What Labour’s Manifesto means for entrepreneurs


Manifestos are like buses: slow and rather dull. Labour’s Manifesto, which was launched today, proved no different.

If you’re a dyed-in-the-wool Labour supporter you’ll be content enough with the content. While if you’re political predilections swing the other way, the Manifesto won’t be enough to persuade you to cancel that one-way ticket to Monaco on 8 May.

In truth, most entrepreneurs are too busy running their business to worry about Westminster’s machinations. But there is no denying that the outcome of next month’s election will have an impact on the state of entrepreneurialism in the UK.

To save you the bother of reading the eighty odd pages, following are the key Manifesto promises that could impact entrepreneurs.


Corporation Tax

Labour has committed to keep corporation tax low:

“With Labour, Britain will continue to have the most competitive rate of Corporation Tax in the G7.”

But they’ll reverse the Coalition’s cut, reinstating the 21% rate:

“Instead of cutting Corporation Tax again for the largest firms, we will cut, and then freeze business rates for over 1.5 million smaller business properties.”

Putting the 20% versus 21% debate to one side, the answer to the business rates debacle is a swift revaluation, rather than a freeze. This may not be the popular move, but it’s the economically literate one.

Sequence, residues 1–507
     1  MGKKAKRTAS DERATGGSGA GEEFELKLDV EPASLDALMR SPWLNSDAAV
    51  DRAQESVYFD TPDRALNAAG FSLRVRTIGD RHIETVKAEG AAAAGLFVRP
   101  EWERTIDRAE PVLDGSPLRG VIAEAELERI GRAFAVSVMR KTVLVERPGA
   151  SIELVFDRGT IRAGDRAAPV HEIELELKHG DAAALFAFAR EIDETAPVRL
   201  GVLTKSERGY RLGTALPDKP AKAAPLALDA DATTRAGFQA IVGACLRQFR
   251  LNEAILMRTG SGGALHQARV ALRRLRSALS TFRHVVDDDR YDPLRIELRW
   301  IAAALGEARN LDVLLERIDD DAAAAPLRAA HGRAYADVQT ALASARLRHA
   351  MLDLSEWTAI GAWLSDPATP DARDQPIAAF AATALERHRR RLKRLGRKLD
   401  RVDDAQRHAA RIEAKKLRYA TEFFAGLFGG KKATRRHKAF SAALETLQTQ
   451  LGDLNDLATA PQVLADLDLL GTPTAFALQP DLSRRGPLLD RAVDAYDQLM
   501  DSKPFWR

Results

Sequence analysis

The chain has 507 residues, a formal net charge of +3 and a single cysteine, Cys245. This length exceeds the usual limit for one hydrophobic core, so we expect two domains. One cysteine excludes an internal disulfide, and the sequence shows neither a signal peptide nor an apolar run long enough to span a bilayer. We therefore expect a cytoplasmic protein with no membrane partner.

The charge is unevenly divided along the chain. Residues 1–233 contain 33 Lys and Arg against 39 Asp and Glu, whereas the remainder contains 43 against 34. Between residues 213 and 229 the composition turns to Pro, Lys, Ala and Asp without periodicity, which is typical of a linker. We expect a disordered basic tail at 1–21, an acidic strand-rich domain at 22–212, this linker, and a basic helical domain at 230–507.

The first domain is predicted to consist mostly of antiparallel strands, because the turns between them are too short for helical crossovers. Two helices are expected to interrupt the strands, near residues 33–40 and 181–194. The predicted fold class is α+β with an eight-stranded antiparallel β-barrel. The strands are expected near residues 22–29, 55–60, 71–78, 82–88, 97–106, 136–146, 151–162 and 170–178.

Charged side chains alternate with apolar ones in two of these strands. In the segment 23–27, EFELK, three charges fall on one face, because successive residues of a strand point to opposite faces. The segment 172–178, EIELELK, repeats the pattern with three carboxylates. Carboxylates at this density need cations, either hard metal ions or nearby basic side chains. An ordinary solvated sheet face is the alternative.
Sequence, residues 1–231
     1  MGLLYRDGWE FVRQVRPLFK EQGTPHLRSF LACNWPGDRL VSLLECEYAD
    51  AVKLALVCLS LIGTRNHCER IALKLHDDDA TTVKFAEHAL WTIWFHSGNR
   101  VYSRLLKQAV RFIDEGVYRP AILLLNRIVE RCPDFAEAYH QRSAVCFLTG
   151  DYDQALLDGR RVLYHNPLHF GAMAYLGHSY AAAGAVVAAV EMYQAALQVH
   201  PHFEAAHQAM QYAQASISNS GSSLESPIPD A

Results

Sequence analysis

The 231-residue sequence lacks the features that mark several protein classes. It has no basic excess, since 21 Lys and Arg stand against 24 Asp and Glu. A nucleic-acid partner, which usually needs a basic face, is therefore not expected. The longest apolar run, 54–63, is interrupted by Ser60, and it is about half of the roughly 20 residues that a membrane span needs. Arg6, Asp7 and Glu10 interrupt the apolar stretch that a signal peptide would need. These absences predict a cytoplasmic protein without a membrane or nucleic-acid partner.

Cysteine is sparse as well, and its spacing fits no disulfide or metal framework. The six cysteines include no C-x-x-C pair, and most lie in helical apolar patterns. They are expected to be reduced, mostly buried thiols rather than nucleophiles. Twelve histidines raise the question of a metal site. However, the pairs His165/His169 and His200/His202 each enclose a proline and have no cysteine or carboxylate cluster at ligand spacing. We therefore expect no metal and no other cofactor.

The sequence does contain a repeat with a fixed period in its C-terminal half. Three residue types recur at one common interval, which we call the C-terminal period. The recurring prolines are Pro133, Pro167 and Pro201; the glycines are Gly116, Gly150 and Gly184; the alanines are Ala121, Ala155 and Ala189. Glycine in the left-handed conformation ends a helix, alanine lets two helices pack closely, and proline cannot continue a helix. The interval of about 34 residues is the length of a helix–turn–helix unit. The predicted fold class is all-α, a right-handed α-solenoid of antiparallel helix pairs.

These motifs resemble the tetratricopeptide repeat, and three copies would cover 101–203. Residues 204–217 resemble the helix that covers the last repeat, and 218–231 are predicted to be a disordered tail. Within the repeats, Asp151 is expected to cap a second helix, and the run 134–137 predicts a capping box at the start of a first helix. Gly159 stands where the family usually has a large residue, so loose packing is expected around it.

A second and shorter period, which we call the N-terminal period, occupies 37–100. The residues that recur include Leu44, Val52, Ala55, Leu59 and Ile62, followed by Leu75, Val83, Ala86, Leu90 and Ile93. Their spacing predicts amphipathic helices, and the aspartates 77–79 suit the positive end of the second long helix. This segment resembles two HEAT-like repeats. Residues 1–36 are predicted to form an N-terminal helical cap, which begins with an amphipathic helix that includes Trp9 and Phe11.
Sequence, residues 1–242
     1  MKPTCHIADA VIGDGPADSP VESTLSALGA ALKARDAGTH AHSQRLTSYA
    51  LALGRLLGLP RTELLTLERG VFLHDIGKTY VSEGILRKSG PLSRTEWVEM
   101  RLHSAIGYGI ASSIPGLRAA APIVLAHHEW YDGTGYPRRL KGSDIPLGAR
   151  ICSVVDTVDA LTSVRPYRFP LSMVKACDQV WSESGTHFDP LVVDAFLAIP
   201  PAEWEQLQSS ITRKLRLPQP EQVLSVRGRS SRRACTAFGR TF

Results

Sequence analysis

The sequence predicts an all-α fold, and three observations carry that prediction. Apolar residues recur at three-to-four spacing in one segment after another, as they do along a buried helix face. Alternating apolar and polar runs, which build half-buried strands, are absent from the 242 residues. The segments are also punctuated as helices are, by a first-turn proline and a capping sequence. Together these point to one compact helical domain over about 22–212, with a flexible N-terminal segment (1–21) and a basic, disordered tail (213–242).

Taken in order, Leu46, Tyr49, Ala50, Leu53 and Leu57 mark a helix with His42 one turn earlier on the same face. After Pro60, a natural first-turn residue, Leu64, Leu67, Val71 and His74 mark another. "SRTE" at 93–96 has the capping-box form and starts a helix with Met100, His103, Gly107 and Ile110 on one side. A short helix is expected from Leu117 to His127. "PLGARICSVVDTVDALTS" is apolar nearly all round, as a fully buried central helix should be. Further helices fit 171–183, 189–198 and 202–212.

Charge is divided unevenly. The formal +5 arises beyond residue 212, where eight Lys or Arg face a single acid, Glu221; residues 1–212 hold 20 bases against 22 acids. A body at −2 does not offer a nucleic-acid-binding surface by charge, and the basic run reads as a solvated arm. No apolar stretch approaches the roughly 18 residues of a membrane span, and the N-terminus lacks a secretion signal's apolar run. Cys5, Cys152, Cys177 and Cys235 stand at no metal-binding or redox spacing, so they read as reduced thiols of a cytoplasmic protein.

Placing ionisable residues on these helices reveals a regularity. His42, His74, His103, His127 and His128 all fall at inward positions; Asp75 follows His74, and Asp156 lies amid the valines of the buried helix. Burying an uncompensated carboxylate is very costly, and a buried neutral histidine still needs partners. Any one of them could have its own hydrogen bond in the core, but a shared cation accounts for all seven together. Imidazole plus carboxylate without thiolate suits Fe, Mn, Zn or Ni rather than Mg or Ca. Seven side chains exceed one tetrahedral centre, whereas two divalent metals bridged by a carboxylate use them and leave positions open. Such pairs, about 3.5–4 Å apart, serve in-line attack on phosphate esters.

High-Speed Broadband

It’s amazing how quickly technological miracles become the source of rage. For those of us who grew up on dial-up internet, today’s internet speeds are the first, second and third wonder of the modern world. Yet the moment our connection drops – if only for a second – we turn from Dr Jekyll into Mr Hyde. My heart goes out to those living out in the sticks with a tardy connection and Labour is promising to fix this:

“Labour will ensure that all parts of the country benefit from affordable, high speed broadband by the end of the Parliament. We will work with the industry and the regulator to maximise private sector investment and deliver the mobile infrastructure needed to extend coverage and reduce ‘not spots’, including in areas of market failure. And we will support community-based campaigns to reduce the proportion of citizens unable to use the internet and help those who need it to get the skills to make the most of digital technology.”